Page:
Also, you want to be able to track your content marketing campaign other than link building.

You need to think farther than just building links to your web properties, you need to look at the overall state of your content marketing.

So let’s get into details on how you can organize your link building collaboration.

  • Linkody

Let’s start here. Linkody is your aid when it comes to tracking your guest blogging campaign. Guest blogging is the method I use to get more freelance writing clients.

And it’s also another amazing method of building high-quality links. To track your guest blogging links, you can use Linkody.

And with Linkody, you can add links that you have gotten or expect to the database.

And where Linkody really finds its usefulness is the fact that it was built to manage and track your links in the first place.

Instead of manually checking the domain authority of the links you acquired, Linkody automatically displays that for you.

Other important metrics to track like the status of the link if it’s dofollow, nofollow, UGC, or sponsored; Linkody verifies and displays this for you.

  • Monday.com

Monday project planning tool is another tool I use to organize my link building collaboration.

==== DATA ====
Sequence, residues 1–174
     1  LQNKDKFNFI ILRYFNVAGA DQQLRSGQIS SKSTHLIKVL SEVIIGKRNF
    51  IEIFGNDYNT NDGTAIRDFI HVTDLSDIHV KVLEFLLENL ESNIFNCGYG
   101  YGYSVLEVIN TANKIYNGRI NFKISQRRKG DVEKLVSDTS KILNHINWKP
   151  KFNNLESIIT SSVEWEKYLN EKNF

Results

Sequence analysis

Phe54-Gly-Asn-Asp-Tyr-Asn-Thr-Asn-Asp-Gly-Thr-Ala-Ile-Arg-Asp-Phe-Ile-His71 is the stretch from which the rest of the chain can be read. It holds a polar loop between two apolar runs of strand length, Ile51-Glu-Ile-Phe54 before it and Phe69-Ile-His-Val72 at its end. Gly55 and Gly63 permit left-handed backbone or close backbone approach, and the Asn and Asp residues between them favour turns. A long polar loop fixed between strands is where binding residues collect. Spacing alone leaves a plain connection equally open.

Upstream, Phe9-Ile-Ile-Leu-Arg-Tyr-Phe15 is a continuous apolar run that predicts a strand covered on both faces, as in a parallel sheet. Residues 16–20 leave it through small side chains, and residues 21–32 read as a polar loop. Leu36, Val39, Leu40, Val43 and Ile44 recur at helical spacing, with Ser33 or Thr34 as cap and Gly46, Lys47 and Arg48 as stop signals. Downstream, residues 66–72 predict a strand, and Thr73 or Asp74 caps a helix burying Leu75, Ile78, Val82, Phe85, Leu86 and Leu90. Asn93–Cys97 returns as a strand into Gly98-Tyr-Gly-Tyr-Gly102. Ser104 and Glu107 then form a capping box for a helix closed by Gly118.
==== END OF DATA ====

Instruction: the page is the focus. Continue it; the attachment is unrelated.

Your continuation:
You definitely need this if you have a small team that helps you keep the work going smoothly. 

For example, if you’re doing guest blogging at a scale, you would need to hire freelance writers, outreach assistants, and even an editor.

With Monday project management, you can assign tasks to your team and also manage your remote team effectively.

  • Skype

I use Skype to connect with some of my partners and also have a more detailed chat on how to move the partnership forward.

And that’s why I said, you should look farther than just building links to your blogs.

Think about creating amazing content alongside with other marketers in your niche.

Skype could be another way of interviewing your partners (as interviews are another way of generating backlinks).

If your prospect agrees to an interview, ensure to forward the interview questions to your prospect. Sending the interview questions beforehand will help you produce quality and recordings.

You don’t want your audience to get confused during the interview. So sending the questions will help the prospect go through them and make some edits based on their privacy.

For me, I haven’t hosted an interview for general consumption on skype before but I have done some recorded audio chat with my partners.

  • Chanty

Chanty is another tool I use to communicate effectively with my team and partners.

Sending emails and awaiting responses can be a long chain. And as a marketer, you might need some short response chain, and Chanty could help you out here.

Also, you can also consider the popular one, Slack. I also use Slack.

  • Automate the Process